As security technology has evolved, so too, has the role of the security guard. And, while they were once thought of as the lone night watchman, today’s security professionals are highly trained for the changing security environment.
“In the past twenty years we have seen a massive change in the way security guards are recruited, trained and developed as a result of what is happening with global security,” says Bill Muskin, the Security Guarding Chairman for the British Security Industry Association (BSIA). The BSIA is the professional trade association of the UK security industry.
The roles and training of security guards has also changed in the face of global security concerns. “Because of the threat to our national infrastructure, the government has developed programs and initiatives that deal with how the different types of security agencies interact with each other,” says Muskin.
The UK counter-terrorism strategy, also known as CONTEST, offers initiatives that impact security guards, such as Operation Griffin, which enables police to call on private security staff in a time of disaster to bolster their numbers. “We also have the Olympic Games of 2012 coming up (in London),” says Muskin. “So the whole country is gearing up to raise the profile of security.”
As global security has heightened, the industry has seen an improvement in the amount of training and the level of professionalism of guards. In the UK, the security industry underwent licensing and regulation changes in 2006, requiring every security officer to be licensed. Tighter standards result in better guards, says Muskin.
“Years ago, you only became a security guard because no one else would take you,” he says. “We’ve done a complete U-turn on that. Staff are better trained, better paid, and overall, a superior quality.”
In addition to basic training, guards are trained to meet the needs of their environment. “For example, in retail, the main concern is theft, so guards in that environment would receive specific training of that nature,” says Muskin.
Captain Dave Carty is the Site Manager of the Airport Security Unit for Canada’s Ottawa Macdonald-Cartier International Airport. He is also a Captain in the Corps of Commissionaires.
“One of the things I stress here, with our guards is that, unlike many other security posts, we are actually in a counter-terrorism role,” says Captain Carty. The Ottawa Airport processes up to four million passengers every year, and Captain Carty’s security team is responsible for everything, from protecting the primary security line, where passengers cross into secure sections of the airport, to monitoring the 325 cameras inside and around the airport’s prioritized areas.
Security at the Ottawa Airport works in concert with the Canadian Border Security Agency, Canadian Transport Screening Authority, as well as the Royal Canadian Mounted Police and the fire emergency response system.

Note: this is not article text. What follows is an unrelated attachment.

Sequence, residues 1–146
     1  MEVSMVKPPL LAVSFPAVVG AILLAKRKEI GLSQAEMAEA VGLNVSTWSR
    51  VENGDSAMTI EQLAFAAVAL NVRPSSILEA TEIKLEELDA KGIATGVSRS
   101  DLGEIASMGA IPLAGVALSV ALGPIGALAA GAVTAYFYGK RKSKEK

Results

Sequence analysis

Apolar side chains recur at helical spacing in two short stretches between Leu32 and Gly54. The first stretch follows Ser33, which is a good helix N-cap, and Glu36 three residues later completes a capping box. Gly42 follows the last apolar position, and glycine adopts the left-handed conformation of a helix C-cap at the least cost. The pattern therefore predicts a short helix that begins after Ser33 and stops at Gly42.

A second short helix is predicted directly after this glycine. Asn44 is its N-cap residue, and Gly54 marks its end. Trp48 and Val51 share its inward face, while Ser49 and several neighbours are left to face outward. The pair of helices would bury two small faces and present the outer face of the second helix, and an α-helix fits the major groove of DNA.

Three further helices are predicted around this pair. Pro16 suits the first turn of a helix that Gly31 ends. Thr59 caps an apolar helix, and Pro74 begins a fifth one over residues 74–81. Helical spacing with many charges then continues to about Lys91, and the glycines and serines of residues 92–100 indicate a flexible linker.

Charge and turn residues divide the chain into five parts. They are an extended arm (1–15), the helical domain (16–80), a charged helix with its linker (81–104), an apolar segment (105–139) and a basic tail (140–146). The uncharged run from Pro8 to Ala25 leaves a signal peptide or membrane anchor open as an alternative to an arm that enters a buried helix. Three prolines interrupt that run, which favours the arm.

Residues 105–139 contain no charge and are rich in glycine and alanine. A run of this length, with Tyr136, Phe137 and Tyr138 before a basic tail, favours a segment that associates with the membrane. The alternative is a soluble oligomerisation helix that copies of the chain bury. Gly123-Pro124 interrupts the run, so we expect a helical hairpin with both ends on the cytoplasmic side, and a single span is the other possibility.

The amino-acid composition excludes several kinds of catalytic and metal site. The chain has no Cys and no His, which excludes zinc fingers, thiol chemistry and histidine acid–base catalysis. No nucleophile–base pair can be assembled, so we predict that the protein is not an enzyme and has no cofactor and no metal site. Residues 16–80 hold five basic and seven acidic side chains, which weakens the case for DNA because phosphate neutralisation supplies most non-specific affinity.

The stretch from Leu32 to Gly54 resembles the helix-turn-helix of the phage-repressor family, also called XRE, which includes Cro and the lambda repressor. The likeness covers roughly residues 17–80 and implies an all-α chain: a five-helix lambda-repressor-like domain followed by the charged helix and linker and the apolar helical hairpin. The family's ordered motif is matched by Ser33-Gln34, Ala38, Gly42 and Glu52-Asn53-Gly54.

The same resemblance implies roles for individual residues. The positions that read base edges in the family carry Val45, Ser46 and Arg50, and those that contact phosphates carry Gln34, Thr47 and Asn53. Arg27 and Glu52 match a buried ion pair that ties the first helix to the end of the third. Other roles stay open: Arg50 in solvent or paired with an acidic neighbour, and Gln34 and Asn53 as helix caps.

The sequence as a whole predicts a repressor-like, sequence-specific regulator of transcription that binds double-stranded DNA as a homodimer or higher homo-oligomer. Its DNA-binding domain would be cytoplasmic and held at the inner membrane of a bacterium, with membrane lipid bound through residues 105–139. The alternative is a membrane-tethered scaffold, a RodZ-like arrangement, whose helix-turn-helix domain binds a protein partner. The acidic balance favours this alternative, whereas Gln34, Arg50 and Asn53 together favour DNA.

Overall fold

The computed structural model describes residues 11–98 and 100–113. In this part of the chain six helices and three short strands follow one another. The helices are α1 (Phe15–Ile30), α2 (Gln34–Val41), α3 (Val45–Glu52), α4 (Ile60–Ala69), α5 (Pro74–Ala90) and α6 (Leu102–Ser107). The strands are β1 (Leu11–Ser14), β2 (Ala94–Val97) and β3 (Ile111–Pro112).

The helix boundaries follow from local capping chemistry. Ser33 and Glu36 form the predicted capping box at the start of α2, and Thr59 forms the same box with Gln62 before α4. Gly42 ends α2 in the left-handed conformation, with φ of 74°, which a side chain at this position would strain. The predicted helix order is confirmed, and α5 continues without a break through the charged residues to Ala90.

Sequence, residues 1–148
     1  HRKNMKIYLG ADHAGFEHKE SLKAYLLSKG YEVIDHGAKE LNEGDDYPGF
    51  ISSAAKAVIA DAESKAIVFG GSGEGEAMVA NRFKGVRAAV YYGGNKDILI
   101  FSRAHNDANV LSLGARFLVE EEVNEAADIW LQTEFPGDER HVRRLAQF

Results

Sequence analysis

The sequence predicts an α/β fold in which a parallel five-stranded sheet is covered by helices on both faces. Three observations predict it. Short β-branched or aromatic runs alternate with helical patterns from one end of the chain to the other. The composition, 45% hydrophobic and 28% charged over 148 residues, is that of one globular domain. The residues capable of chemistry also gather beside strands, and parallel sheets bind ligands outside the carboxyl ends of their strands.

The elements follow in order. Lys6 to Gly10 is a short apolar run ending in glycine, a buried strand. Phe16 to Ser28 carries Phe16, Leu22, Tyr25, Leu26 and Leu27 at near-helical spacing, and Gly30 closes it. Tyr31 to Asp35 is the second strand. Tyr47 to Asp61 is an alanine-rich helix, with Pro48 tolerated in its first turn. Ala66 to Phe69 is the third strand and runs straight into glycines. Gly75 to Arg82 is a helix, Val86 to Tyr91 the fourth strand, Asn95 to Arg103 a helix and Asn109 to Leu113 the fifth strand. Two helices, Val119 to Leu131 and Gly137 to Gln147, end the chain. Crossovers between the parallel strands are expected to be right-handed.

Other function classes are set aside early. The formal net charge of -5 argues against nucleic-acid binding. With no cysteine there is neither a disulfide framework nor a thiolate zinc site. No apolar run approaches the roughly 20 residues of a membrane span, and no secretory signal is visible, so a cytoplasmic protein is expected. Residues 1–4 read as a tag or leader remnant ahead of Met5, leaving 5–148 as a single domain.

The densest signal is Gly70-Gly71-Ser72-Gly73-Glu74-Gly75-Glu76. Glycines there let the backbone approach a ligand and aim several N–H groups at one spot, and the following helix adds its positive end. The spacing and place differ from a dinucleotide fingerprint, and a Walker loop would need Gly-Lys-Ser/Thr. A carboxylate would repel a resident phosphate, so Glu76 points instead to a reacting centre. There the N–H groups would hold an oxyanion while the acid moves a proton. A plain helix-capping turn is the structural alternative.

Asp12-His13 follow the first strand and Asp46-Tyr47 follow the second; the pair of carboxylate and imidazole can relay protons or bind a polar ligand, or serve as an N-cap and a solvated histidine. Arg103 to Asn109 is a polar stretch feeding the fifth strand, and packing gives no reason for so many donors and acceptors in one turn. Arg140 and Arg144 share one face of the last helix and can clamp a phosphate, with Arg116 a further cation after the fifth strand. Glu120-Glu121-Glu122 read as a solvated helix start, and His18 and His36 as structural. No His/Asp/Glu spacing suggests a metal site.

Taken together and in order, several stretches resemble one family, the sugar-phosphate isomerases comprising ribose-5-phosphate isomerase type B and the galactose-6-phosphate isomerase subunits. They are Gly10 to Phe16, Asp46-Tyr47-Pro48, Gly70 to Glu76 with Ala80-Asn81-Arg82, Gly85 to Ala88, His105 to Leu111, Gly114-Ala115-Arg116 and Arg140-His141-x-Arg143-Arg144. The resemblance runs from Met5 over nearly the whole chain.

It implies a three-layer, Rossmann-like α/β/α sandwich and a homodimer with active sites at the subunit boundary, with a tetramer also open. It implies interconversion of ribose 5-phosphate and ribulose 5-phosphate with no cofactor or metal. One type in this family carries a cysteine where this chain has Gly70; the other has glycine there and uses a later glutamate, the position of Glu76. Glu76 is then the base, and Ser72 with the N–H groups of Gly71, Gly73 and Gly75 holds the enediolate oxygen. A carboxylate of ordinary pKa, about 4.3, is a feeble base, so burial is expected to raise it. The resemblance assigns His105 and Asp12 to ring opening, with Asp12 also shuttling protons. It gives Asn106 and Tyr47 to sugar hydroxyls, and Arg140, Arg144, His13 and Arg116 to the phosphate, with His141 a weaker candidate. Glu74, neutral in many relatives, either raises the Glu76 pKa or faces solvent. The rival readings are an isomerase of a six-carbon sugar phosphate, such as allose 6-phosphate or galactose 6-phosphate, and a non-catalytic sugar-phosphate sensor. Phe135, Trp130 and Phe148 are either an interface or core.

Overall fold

Captain Carty admits that, while the security personnel on his team are highly trained professionals, the unfortunate stereotype of security guards remains.
“The general public view is that security is still the low end of the food chain,” says Captain Carty. “We still have to sometimes have a police constable attend the scene to emphasize the work we do.”
Contrary to the belief that new technologies are eliminating the need for guards, security still requires the human touch.
The role of a guard remains as important as ever, says Cheryl Fifer, the Director of Business Operations for Commissionaires, a private security company. “We all know that technology and tools cannot replace humans, but it can certainly enhance capability” she says. “The role of the security guard has shifted and changed. The human adds value beyond what the technology can do.”
Cameras (See related article), for example, are only as good as the person monitoring them, Fifer says. “Is the person monitoring them trained to see a pattern or a trend that concerns them and flag it? A security guard is.”
“In the UK, we’re moving toward a holistic security solution whereby technology and manpower complement each other,” he says. “A security guard has a fundamental role to play, most of which is face-to-face public contact.”
That’s not to say human error does not still exist.
“Asking when a security guard can fail is like asking when any one can fail,” says Fifer. “You always place a security professional who has the judgment, the discretion the background and support structure to fit the setting or environment.”
Muskin believes that the industry has taken many steps to remove guards from danger – and to reduce the chances of a security breach. For example, it is extremely rare today for a security guard to work alone.
“Years ago, it was a cheap option to put a single guard on a site and he would walk around. Well, he becomes a security threat with his keys dangling from his waist,” he says. Today, if security staff do work alone, they are often in a secure monitoring area and able to summon assistance if required.
Humans are not machines, they can be unpredictable, says Muskin. “The human factor will always have risks,” he says. “But what you sacrifice with the human factor, you gain in the human interaction – and that interaction is essential in security.”
By Rachel Sa